Radwan al Sayyid, an occasional columnist for the London-based newspaper Al Hayat, wrote about the status of the Iranian Revolution thirty years on. He said that in regards to one criteria for evaluating revolutions, "we can say without hesitation that the regime of the Islamic Republic, which was set up by Imam Khomeini, still enjoys the support of the majority of the Iranian people, especially from among the poorer and needier classes."
But, beyond this general view, "we note that there have been no major developments or breakthroughs in the fields of social or economic development or in improving the living conditions of people". Thus the three questions that can be asked 30 years after the success of the Islamic Revolution in Iran are: "Is the Iranian nation in a happier internal situation than in the days of the Shah and will it continue to be so? Is Iran's strategic situation in the region better now than what is was like in the past? What will happen to Iranian relations with the United States and Russia?"
The Jordanian Al Ghad daily carried a piece by Samer Ahmad Kher who asked: "The million-dollar question this time is, in light of the results of the Israeli elections, is the administration of Barack Obama able to exercise pressure on Israel to engage in a peace process?" The answer, which will enable us as Arabs to win the million dollars, is "no," the author said.
The main reason behind this answer does not lie in the political programmes pitched by the winning parties - Kadima and the Likud - which do not address a serious peace settlement. "The real reason is that the party that will assume Israel's premiership will be under the mercy of the small parties, because in order for any government coalition to continue and survive, it has to enjoy their consent and support."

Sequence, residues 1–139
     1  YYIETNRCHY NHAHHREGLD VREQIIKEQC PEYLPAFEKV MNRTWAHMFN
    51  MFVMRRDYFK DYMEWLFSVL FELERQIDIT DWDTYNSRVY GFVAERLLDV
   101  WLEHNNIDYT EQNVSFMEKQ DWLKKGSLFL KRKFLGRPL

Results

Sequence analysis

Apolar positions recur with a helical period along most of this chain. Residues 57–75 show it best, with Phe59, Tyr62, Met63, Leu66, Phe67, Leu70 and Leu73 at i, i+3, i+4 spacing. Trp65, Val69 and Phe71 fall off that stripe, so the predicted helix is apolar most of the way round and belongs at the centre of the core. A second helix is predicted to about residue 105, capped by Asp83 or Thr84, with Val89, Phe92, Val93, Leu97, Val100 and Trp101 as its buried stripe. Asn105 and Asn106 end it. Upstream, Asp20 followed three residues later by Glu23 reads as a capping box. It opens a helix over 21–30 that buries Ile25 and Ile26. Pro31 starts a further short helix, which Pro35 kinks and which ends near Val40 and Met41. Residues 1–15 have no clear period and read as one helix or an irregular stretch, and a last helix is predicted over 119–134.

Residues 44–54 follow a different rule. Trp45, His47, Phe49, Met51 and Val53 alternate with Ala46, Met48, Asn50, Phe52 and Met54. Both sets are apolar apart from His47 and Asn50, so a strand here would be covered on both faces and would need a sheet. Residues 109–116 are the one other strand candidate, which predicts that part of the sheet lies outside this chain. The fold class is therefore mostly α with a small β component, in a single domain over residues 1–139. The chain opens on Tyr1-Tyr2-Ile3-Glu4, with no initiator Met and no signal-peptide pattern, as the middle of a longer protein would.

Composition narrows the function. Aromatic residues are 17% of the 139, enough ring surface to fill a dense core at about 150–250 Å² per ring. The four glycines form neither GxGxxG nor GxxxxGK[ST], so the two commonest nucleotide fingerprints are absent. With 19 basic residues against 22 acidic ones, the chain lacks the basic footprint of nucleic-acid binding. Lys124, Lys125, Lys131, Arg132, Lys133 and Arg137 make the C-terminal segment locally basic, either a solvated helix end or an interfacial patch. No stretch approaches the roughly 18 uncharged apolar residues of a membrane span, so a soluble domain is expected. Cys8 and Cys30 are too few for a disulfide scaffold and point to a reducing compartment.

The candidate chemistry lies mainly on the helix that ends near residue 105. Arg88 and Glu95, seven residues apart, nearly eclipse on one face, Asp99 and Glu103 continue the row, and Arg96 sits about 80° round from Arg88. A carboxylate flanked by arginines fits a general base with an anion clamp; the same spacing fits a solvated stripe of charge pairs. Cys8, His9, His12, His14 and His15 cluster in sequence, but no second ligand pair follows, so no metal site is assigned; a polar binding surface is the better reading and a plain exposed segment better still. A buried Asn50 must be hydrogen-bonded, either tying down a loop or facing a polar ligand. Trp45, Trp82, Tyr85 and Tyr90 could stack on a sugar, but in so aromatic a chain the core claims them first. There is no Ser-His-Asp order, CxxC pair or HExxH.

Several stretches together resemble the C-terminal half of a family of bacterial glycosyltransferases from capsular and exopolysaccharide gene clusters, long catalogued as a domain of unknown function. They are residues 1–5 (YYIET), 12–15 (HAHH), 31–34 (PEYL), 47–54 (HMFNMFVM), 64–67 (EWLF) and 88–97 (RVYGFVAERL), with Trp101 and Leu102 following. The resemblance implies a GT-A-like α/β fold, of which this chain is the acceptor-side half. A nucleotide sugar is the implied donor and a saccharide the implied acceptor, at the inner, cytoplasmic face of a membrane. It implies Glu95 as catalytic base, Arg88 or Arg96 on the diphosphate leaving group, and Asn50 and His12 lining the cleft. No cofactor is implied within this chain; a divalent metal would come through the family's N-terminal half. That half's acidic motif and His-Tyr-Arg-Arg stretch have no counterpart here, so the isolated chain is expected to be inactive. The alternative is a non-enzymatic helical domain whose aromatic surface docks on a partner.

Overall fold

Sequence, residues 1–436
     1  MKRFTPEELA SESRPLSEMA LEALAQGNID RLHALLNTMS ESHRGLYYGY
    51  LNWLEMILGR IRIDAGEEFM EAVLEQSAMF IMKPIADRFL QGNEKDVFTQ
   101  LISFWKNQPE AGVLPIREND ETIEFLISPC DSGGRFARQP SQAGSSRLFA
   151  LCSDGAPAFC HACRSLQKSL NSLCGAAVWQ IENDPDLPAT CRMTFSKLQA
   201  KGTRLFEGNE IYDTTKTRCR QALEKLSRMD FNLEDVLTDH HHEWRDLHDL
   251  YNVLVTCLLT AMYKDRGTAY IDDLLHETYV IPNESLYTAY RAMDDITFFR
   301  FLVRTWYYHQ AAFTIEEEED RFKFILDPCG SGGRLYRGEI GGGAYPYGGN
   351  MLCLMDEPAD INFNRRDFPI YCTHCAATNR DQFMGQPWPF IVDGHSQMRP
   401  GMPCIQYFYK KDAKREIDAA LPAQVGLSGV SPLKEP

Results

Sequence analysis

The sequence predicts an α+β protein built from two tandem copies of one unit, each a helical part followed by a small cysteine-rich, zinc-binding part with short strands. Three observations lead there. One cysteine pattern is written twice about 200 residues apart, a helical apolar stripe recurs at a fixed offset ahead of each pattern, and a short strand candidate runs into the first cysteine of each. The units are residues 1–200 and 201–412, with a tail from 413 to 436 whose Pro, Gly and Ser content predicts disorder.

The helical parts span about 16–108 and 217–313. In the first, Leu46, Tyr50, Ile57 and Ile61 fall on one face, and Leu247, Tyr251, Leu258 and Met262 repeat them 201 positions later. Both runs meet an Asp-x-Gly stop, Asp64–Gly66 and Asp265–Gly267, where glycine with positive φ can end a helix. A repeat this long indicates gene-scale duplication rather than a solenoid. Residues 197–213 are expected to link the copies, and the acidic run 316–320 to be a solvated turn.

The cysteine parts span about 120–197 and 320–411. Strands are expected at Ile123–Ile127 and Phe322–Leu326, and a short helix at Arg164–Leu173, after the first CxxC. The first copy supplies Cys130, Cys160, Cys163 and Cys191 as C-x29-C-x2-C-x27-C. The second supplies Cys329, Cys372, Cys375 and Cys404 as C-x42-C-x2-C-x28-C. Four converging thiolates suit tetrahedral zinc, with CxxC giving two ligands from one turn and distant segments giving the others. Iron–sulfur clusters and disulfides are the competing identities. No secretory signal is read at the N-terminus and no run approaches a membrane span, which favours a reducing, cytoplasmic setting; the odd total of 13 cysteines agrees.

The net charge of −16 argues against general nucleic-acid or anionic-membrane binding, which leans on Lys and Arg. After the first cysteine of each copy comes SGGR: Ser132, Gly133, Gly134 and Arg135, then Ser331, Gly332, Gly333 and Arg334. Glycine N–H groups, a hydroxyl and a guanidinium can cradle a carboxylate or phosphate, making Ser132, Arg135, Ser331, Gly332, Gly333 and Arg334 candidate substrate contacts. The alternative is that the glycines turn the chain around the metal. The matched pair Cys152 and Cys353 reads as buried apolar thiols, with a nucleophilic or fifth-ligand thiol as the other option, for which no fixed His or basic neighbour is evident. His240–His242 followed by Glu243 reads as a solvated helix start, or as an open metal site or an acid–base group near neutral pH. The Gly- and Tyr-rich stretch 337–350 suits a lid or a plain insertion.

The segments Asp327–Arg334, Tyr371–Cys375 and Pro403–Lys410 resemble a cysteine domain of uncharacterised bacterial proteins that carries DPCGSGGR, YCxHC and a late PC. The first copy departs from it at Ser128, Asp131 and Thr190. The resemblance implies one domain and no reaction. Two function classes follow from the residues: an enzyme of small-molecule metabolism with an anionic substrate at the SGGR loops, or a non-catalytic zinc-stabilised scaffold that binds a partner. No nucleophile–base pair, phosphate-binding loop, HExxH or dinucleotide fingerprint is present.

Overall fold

As long as these small parties who are expected to partake in the government are extreme right-wing parties, who refuse to conduct a peace settlement with the Arabs or to return any occupied lands for them, any pressures on the prime ministers to engage in negotiations will mean that these small parties will withdraw from the government which will collapse.
Haufa'a Zankana, an Iraqi columnist for the Lebanon-based Al Akhbar newspaper, wrote that the new American administration continues with its policy of "colonial hegemony over Iraq especially after signing the security treaty with its political, cultural, and economic general context but with one small difference compared to the approach of the former administration. This difference is in the fact that the new administration tosses more bones and scraps of its sumptuous table to the dishes of its collaborators waiting at its feet."
This difference appeared most clearly in the past few weeks, the author argued, because of the focused campaign waged by the media outlets from all nationalities aimed at portraying the Iraqi provincial council elections and those participating in them as the "magic solution to all that Iraqis suffered from and will continue to suffer from for generations to come". So what if the northern provinces including Kirkuk did not participate in the elections on the basis of the rule that "if there are problems in a province then postpone the elections in it?"
"It is with a lot of confidence that the Iranian President Ahmadinejad had announced that the ghost of threats to Iran was gone forever and that his country had become a true superpower," wrote Muhammad Sabreen in the Egyptian Al Ahram daily. "What was odd, however, was that this utter confidence in the elimination of the threat collided with Iran's primary and permanent demand from Washington, considering that Tehran has always asked the American administration to stop threatening the Iranian regime and to recognise it, among other things."
The first thing that can be noted is that Iran did not secure a qualitative leap at the economic level. "Moreover, despite his talk about openness and the relative freedom for wide factions among the youths and women, former president Muhammad Khatami was also not able to implement his programme and meet the hopes that the people had of living a better life, even though the Shah has been gone for many years."
Three decades after the revolution, Iran still does not seem settled and is still in a state of revolution, "adopting the slogans of exporting it". Digest compiled by www.mideastwire.com